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Is this even possible? Im learning DirectX atm and am trying to apply some of what i've learnt to OpenGL.

I know you can have multi-threaded rendering in DirectX using deferred contexts, but i didnt think OpenGL had this support, i've found examples of multithreading in OpenGL but not multithreaded rendering which is what im trying to find out; or maybe i've mis-understood the difference?

If it is possible, could anyone provide some basic code for me as an example.

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Just use asynchronous uploads.. also: opengl.org/wiki/OpenGL_and_multithreading –  harold Mar 13 '12 at 21:02
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I'm not sure what you'd gain from MT rendering. AFAIK, D3D and OpenGL must eventually serialise commands down to a single thread at the driver level. I imagine MT rendering just severely complicates the issue. –  Robinson Mar 13 '12 at 21:28
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"I know you can have multi-threaded rendering in DirectX using deferred contexts" That isn't multithreaded rendering. That's simply storing some rendering commands and playing them back. –  Nicol Bolas Mar 13 '12 at 22:00
    
The idea behind deferred contexts is that the driver work can be split across multiple CPU cores. Even if the instructions are eventually sent to the GPU sequentially, this could still be a performance gain if you were CPU limited. –  Tom Gillen May 11 '12 at 9:46

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OpenGL doesn't have an equivalent to D3D11's Deferred Contexts. The closest thing to that would be display lists, but these solve an entirely different problem and are very much not meant to be rebuilt over and over again.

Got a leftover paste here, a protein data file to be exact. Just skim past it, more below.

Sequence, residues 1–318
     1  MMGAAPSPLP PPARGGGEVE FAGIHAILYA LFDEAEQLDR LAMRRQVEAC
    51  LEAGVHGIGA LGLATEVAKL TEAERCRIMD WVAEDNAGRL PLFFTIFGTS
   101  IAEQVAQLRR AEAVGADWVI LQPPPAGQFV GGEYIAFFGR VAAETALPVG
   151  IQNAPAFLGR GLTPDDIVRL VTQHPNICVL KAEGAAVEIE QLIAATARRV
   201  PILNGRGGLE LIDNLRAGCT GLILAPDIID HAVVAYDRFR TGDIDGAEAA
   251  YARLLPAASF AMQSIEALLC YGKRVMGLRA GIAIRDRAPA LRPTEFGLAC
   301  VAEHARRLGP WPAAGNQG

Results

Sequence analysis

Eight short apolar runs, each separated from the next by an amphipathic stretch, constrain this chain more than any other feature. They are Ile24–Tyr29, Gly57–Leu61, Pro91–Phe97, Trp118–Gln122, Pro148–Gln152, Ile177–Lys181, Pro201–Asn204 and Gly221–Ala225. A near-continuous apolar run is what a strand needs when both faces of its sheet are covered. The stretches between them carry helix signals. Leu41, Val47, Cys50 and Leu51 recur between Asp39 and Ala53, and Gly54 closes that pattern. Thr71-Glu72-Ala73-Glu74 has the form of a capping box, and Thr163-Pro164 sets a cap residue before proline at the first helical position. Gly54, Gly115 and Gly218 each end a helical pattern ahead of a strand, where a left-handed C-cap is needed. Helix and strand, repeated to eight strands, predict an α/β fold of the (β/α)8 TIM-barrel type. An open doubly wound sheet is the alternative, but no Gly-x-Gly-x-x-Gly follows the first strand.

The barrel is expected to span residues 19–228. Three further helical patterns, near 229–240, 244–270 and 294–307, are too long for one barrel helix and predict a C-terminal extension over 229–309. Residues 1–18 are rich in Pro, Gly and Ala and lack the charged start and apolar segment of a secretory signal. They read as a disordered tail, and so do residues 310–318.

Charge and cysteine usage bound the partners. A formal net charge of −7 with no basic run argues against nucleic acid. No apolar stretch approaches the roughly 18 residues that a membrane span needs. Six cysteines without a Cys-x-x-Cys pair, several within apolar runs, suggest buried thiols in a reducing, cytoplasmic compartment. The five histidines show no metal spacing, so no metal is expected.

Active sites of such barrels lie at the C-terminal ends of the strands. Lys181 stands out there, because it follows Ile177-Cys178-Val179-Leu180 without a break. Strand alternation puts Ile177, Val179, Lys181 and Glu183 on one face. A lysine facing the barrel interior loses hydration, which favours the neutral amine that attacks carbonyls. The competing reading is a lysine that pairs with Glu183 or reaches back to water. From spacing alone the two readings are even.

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This is not really an answer to the OPs question, but it is of importance to his request:

The GPU is somewhat like a mutually exclusive resource. If you have multiple threads performing drawing operations you're generating management overhead. The work has to split up to shader units or some timeslicing is involved. Either way, if the drawing operations go to the same framebuffer the operations must be synchronized, which means the GPU pipelines get stalled quite oftenly.

The net result is, that performing multithreaded operation on a GPU will most likely result in largely reduced performance.

Also there's no need to do multithreaded operation on a GPU to parallelize the work. This already happens by single drawing operations being split up to the GPUs individual shader units.

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